In May 2016, the Fourth Circuit applied a six-part, economic realities test to determine that two Maryland dance clubs had misclassified their exotic dancers as independent contractors. This case is important for several reasons: understanding
- the elements of the court’s “economic realities” test;
- the application of the court’s “economic realities” test;
- the legal basis for the dancers’ claims;
- the good faith defense to liquidated damages; and
- the extent to which an independent contractor agreement protects the employer.
The touchstone of this “economic realities” test was whether the dancers were economically dependent on the dance club or “as a matter of economic reality” were in business for themselves. The application of this test turned on six factors:
- the degree of control that the putative employer has over the manner in which the work is performed;
- the worker’s opportunity for profit and loss that is dependent on her managerial skill;
- the worker’s investment in equipment or material, or her employment of other workers;
- the degree of skill required for the work performed;
- the permanence of the working relationship; and
- the degree to which the services rendered are an integral part of the putative employer’s business.
In ruling that the factors weighed in favor of an employer-employee relationship, the Court acknowledged that the distinction between an employee and an independent contractor cannot be articulated with a bright line, but each case turns on its own set of facts. But the Court stressed that the most critical factor is the first – the degree of control that the putative employer has over the worker.
The dancers were suing under the Fair Labor Standard Act and Maryland wage and hours law (which tracks the FLSA) for unpaid wages and liquidated damages. The FLSA permits covered employees to sue for “their minimum unpaid wages, or unpaid overtime, and an additional, equal amount as liquidated damages.” (29 U.S.C § 216(b)). The liquidated damages are an additional penalty against those employers who misclassify workers.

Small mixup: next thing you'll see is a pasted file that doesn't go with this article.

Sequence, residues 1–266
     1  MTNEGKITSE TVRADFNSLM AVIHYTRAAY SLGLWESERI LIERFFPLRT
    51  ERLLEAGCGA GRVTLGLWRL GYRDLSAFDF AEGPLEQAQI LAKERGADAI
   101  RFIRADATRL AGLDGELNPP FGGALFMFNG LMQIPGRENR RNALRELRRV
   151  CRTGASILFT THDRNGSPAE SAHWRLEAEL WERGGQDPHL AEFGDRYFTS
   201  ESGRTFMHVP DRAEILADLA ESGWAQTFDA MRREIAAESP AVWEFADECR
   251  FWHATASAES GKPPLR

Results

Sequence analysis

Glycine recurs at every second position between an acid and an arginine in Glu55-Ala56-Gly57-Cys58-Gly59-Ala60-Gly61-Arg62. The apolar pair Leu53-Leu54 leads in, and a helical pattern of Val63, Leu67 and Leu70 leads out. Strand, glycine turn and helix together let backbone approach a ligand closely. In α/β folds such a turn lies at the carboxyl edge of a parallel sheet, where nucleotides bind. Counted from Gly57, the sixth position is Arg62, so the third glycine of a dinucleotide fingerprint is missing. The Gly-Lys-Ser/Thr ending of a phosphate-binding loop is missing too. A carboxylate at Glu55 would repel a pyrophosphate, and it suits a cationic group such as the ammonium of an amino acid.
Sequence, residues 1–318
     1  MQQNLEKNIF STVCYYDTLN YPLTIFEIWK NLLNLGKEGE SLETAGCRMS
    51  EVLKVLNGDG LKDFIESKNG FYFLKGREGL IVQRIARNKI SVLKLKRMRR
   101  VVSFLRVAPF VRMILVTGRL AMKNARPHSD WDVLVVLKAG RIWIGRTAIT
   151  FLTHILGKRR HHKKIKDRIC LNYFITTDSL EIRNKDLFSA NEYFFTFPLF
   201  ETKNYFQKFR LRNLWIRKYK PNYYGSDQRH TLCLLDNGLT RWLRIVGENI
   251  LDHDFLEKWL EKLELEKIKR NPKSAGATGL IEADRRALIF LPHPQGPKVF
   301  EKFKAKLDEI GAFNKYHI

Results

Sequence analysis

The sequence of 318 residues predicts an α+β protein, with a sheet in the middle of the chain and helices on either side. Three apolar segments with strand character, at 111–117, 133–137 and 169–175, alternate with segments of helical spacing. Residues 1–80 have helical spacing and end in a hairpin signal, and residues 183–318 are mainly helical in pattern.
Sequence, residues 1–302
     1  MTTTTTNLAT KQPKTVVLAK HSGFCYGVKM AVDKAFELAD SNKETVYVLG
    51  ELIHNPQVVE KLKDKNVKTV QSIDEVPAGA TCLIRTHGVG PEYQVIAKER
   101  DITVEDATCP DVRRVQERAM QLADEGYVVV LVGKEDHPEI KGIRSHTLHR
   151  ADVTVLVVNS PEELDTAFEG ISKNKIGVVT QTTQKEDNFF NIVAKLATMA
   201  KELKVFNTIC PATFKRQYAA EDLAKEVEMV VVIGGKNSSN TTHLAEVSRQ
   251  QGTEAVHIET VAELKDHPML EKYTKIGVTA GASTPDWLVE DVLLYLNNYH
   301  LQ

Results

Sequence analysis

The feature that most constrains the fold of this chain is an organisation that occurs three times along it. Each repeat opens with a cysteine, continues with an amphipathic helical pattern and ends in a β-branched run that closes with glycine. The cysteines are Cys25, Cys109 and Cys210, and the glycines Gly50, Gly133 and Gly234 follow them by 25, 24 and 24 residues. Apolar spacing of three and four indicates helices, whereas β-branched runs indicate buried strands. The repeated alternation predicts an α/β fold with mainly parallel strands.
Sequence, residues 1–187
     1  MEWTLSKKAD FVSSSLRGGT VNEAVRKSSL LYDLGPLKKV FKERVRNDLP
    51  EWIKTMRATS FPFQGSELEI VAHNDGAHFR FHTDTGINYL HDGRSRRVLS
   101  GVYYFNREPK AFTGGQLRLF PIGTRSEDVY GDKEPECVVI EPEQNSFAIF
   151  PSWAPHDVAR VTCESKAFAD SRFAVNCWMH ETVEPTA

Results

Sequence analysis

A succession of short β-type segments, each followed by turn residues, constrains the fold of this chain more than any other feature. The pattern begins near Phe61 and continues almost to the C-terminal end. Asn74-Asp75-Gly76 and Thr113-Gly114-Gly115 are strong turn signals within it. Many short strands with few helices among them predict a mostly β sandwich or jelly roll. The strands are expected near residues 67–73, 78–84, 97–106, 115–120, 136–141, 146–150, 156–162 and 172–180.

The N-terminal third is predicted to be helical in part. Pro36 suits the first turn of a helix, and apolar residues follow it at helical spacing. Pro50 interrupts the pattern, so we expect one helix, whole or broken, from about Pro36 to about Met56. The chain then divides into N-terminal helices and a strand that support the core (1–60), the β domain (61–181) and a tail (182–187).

But, the dance clubs successfully raised a “good faith defense” under the FLSA (29 U.S.C § 260) to liquidated damages after September 2011. In September 2011, the club owners sought legal advice and acted in accordance with the advice given to use independent contractor agreements, which were represented to be FLSA compliant. Prior to that date, the Court rejected the dance clubs’ claim of ignorance of the law. Ignorance of the law is never an excuse. Please note that the Court did not rely on the independent contractor agreement to classify the dancers, but it did rely on the agreements and the legal advice the dance club owners sought to insulate them from the post-September 2011 liquidated damages.
First, don’t wait. Seek legal advice now about the distinction between employees and independent contractors in your business.
Second, if you have such agreement, review your independent contractor agreements to ensure that they track the economic realities of your business.
The attorneys at Sands Anderson PC are interested in helping you with this very relevant, and potentially very costly, issue. Please contact us.
Finally, Noah Feldman has a very interesting commentary on this Fourth Circuit opinion as it relates to the ever-present Uber, and the lingering question about the proper classification of Uber drivers.